Imagine having nutrition-label-like data about every product you use at your fingertips—knowing exactly what ingredients make up things like office chairs or house paint and how they could impact your health today and 30 years from now. It’s a future that goes hand in hand with our commitment to creating the healthiest work environments possible and promoting transparency within the wide world of building materials.

Today, we’re taking a step toward that future with a $3 million grant to the U.S. Green Building Council (USGBC), a leading non-profit organization that works to create greener buildings and communities in the U.S. and around the world.

There’s a lack of clear and accessible information on building ingredients, which means that a lot of us might be exposed to potentially harmful and toxic chemicals in building materials—whether it’s in the desk you sit at every day or the building’s paints, tiles and carpeting. This grant is designed to improve human health and well-being by supporting more industry research and better standards around healthy materials.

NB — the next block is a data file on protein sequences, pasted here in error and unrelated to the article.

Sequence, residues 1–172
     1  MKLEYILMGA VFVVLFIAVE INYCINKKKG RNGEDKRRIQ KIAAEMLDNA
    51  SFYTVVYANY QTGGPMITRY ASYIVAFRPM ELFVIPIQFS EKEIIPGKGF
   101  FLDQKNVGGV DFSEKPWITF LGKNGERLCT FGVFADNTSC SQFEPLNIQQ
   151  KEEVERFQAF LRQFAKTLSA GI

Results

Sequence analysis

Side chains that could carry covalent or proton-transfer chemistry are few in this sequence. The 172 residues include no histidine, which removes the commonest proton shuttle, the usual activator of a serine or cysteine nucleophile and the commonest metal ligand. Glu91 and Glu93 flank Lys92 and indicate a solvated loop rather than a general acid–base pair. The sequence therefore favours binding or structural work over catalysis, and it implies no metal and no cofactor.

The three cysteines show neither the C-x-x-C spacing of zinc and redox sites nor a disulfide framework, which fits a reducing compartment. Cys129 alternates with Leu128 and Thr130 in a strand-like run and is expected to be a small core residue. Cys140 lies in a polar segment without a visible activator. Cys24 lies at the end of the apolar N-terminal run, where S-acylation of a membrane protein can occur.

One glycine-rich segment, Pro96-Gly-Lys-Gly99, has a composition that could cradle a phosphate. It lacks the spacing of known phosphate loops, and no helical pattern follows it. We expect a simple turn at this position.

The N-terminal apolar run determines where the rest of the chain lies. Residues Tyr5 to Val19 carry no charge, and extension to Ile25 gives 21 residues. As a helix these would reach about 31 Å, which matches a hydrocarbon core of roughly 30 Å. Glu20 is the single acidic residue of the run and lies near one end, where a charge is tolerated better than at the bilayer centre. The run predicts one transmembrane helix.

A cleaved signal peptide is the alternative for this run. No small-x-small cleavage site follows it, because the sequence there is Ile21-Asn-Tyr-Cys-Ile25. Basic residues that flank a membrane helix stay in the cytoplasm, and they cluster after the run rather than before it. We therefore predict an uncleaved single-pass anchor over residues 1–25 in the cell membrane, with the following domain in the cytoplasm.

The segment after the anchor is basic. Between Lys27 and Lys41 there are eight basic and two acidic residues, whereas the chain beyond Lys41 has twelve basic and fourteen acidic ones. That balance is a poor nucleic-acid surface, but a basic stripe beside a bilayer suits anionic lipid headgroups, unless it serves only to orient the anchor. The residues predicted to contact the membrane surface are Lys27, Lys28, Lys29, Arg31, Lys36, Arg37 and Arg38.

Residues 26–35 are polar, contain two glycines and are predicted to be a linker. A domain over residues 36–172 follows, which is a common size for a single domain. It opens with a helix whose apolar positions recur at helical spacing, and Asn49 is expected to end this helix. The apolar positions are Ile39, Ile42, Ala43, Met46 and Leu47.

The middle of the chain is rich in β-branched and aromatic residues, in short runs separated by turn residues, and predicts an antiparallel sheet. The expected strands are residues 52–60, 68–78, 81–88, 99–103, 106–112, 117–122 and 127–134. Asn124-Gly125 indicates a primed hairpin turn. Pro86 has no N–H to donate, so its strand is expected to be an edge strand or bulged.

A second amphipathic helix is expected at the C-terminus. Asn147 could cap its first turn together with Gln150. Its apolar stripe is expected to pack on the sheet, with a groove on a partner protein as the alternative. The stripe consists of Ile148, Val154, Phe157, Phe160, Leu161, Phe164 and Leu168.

We’ve already done a lot to eliminate many of these chemicals in our offices around the world, and we want to make it easier for others to do the same. The USGBC has had great success with their widely adopted LEED (Leadership in Energy and Environmental Design) rating system for the design, construction and operation of green buildings. LEED is certifying 1.7 million square feet every day with 9.3 billion square feet participating in LEED across all 50 states and 138 countries. We think they’re in a great position to build on this track record to create real and lasting change in the industry.

But it isn't enough just to have better labeling or standards about the ingredients in various products. We also need to know more about the ingredients themselves, which is why this grant also supports more scientific research and outreach so we can all do a better job of understanding how building materials impact human health. By doing so, we hope to empower consumers and businesses alike to make more informed decisions about the materials they purchase and use in their day-to-day lives.